A new recruit at shower company Triton is hoping to buck a national trend by encouraging more young female engineers to follow her lead and take up a career in the manufacturing.
With women accounting for just 6% of the engineering workforce in the UK, Emily Golding, who has recently taken up a new role as trainee design engineer at Triton, says the perception of engineering is changing for the better.
Having achieved A-levels in maths, physics and further maths, Golding went on to achieve an advanced apprenticeship qualification in Mechanical Engineering and has since completed the first year of a Higher National Certificate (HNC) in mechanical Engineering. In her new role at Triton, Emily is hoping to take her career to the next level.
She said: “Engineering was an obvious career path for me to take, especially with my strengths in maths and science. Schools are beginning to put more emphasis on the importance of getting girls interested in engineering at a young age and apprenticeships in engineering nowadays are more varied, particularly with the rise of design based qualifications.
“I chose to work at Triton because they are a well respected and recognised brand and the role has lots of opportunity for personal development. I have not been treated differently for being a woman in this field, as I am expected to be just as capable and hands on as my male colleagues and have only been judged on my ability.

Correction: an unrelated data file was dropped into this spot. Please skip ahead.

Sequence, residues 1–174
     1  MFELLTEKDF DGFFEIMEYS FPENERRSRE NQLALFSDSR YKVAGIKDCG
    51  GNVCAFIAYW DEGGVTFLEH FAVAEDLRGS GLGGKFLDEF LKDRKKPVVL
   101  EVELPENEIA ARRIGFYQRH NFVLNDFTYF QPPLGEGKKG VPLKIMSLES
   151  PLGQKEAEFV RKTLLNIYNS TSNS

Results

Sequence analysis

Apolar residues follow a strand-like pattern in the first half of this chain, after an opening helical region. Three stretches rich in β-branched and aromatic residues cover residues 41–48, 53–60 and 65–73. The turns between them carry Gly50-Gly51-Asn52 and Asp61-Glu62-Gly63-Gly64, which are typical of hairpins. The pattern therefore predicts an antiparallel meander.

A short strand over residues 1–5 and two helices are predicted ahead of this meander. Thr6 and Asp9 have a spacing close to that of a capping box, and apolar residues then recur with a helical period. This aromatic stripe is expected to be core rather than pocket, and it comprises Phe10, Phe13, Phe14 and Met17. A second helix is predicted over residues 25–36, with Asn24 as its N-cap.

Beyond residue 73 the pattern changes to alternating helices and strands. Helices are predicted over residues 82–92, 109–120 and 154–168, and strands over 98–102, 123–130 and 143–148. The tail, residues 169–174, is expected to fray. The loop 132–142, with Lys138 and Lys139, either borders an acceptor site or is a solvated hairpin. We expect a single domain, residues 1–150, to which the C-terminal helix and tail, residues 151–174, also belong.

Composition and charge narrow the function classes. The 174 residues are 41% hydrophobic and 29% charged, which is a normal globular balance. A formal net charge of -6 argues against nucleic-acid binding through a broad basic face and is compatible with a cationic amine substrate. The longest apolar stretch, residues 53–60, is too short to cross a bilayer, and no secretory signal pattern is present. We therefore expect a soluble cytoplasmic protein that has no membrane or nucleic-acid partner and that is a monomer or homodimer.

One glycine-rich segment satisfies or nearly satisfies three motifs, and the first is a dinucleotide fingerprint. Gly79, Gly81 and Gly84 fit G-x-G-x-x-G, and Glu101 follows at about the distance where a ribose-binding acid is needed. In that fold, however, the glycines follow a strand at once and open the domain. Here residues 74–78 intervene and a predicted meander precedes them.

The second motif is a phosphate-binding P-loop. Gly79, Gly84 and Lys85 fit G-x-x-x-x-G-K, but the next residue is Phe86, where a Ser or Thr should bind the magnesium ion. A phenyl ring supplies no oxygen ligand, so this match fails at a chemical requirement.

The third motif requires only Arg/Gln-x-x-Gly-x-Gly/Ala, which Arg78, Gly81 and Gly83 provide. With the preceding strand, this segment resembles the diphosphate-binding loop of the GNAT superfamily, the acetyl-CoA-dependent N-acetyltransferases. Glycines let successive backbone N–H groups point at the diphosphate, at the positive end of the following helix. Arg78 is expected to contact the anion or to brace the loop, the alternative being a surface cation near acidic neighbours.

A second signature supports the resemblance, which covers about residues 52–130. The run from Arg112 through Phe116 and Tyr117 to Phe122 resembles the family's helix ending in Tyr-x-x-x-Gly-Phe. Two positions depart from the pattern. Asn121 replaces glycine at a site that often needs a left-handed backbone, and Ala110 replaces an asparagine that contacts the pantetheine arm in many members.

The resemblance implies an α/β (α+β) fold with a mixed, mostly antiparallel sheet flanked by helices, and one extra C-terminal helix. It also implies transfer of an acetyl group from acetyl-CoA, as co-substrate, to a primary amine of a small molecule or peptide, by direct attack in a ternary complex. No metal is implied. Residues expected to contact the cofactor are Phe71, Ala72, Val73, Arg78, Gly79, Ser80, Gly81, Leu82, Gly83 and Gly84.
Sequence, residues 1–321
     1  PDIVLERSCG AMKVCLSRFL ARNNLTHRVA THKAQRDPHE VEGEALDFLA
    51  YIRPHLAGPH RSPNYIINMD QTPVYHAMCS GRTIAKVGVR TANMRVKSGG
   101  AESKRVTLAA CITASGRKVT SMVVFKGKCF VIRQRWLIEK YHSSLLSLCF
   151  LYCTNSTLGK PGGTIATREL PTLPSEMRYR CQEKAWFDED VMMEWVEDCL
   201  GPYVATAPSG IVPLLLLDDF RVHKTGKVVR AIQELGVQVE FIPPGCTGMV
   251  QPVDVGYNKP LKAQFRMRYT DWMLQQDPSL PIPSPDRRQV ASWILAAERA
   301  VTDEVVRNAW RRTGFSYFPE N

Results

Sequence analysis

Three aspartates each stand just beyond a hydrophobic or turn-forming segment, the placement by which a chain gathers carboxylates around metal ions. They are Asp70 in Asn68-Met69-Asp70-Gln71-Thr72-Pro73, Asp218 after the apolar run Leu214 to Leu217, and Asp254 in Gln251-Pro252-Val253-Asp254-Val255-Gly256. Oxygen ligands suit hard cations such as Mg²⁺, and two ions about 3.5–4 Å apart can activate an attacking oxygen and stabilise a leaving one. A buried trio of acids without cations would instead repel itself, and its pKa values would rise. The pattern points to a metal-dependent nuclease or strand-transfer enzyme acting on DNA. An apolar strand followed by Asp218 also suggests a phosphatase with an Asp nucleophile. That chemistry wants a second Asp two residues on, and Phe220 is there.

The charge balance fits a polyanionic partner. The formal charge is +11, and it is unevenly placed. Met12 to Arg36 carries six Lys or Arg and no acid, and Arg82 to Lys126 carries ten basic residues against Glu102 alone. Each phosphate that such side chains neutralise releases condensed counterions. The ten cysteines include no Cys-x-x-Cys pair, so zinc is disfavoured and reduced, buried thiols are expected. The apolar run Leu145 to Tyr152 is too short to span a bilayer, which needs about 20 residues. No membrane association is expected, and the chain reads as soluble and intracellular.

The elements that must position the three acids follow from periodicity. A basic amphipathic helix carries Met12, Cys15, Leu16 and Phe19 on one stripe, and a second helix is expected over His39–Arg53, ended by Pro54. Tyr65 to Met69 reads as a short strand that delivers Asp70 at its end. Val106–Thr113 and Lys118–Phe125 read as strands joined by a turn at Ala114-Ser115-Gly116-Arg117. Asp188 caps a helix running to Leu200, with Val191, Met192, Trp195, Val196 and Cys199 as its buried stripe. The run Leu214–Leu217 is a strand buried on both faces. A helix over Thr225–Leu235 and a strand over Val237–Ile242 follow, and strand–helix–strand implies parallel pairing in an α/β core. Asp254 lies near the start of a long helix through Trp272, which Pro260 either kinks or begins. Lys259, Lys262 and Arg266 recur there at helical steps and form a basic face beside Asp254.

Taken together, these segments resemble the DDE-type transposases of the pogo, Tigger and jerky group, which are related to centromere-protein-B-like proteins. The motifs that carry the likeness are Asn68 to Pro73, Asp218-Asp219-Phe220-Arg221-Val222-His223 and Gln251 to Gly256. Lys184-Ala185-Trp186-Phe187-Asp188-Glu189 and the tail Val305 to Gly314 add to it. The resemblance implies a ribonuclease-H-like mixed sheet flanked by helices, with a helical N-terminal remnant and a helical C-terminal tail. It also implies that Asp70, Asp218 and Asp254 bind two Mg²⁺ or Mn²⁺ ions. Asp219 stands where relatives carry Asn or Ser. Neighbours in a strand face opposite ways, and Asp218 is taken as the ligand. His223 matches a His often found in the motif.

“The misconception is that engineering is manual labour and not something many women would like to be involved in which stops young women in particular from exploring it as a career option. In actual fact, the reality couldn’t be more different. There are more apprenticeships available now in different areas of engineering such as mine which was more design based than practical.
“I’m looking forward to building my knowledge of manufacturing and help the Triton team develop new market leading shower designs.”
Lorna Fellowes, managing director at Triton, added: “It’s important that companies recognise the value of female engineers and Triton are always keen to offer ambitious young men and women the chance to work with us if they have the right skill set, motivation and professionalism.
“There has certainly been progression within the engineering industry as a whole and getting girls interested in careers in engineering at an early age can only be a good thing. We look forward to supporting Emily in her role and have every confidence that she will be an asset to Triton.”